RAJAR Q2/2012 - Britain's getting bigger, but is radio shrinking?
Radio continues to change: and the new radio listening figures make this ever more clear...
Let's get the bad news out of the way first. The number of radio listeners is down, quite markedly. When looking at raw numbers, around 800,000 people appear to have switched off the radio since this time last year. That should be cause for concern for the radio industry.
But this isn't as bad as it looks; because these figures are the result of some rather cruel coincidences. The adult population of the UK has actually increased by 1.1m in this survey: so the percentage of adults who tune into the radio has tumbled to a three-year low of 89.4%. This time last year, RAJAR were crowing about record-breaking figures: more people tuned into the radio than ever before this time last year, so a year-on-year comparison looks rather ugly. Actually, radio's actually added listeners in the past three months, with 106,000 more adults tuning in every week.
Total time spent listening to the radio, while that's fallen slightly (by 4% year-on-year), has only fallen to the levels that we enjoyed two years ago. The 800,000 that have apparently given up listening to the radio in the past twelve months appear to have been very light listeners. Don't go polishing that coffin just yet.
And, we should remind ourselves, 89.4% of the population is still massive. To put that into context, Google is the UK's most popular website and that has 33.9m monthly visitors. Facebook has 26.8m monthly visitors. Radio has 47.6m weekly listeners.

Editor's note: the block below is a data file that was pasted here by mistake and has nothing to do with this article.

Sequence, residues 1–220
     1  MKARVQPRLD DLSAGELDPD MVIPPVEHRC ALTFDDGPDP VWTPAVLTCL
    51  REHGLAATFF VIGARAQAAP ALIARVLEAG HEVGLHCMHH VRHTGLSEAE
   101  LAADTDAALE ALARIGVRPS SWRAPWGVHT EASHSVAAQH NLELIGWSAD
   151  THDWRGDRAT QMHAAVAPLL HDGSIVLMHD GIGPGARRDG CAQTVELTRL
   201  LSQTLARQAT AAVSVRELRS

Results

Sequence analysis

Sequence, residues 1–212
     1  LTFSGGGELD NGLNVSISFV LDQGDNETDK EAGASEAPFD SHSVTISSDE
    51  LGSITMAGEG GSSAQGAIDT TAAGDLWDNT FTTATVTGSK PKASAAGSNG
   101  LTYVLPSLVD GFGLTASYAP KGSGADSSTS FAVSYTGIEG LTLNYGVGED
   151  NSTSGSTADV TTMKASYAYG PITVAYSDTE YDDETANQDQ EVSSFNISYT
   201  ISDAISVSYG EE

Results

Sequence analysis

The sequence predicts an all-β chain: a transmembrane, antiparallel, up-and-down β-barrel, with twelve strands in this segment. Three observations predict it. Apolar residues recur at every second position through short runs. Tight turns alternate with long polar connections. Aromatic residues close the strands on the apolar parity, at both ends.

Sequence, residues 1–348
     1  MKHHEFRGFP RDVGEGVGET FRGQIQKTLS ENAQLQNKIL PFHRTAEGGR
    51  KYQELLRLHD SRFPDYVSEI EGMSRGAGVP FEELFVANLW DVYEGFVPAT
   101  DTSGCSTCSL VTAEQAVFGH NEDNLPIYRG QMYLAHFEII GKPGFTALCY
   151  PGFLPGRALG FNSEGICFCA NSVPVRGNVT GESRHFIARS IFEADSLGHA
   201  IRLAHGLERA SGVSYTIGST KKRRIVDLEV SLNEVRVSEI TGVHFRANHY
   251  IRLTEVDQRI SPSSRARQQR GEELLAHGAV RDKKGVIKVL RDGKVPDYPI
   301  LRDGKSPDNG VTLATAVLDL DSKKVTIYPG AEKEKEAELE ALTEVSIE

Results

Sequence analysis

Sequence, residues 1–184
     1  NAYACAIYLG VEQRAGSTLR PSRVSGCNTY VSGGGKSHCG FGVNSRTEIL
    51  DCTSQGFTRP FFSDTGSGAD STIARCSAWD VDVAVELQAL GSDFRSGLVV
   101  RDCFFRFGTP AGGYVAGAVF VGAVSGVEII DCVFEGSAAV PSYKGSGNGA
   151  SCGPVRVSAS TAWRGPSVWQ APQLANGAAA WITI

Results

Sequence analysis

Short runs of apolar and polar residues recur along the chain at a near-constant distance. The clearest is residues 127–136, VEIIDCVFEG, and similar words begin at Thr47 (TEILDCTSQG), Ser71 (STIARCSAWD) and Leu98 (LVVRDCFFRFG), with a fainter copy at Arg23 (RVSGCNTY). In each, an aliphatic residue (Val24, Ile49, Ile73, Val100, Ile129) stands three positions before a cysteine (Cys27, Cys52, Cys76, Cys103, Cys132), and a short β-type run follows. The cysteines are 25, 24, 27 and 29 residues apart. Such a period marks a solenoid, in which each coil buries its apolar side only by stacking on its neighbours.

So, to the other news.
DAB Digital Radio listening has grown by 13% year-on-year, and now accounts for over a fifth - 20.1% - of all radio listening.
Listening through the television has remained steady. (In real terms it's dropped by 0.1%, but the amount of "don't know"s are still 7%, so it's well within the margin of error).
And the real success story? The internet. Tuning into radio over the internet has increased by a staggering 37% year-on-year. This figure is important, because this is the first RAJAR figure to be wholly produced after the launch of the Radioplayer, the UK's joint player project. (Many RAJAR'd stations use averages over the past six or twelve months). This points to Radioplayer having been a particular success - particularly against the backdrop of a 4% drop in radio listening.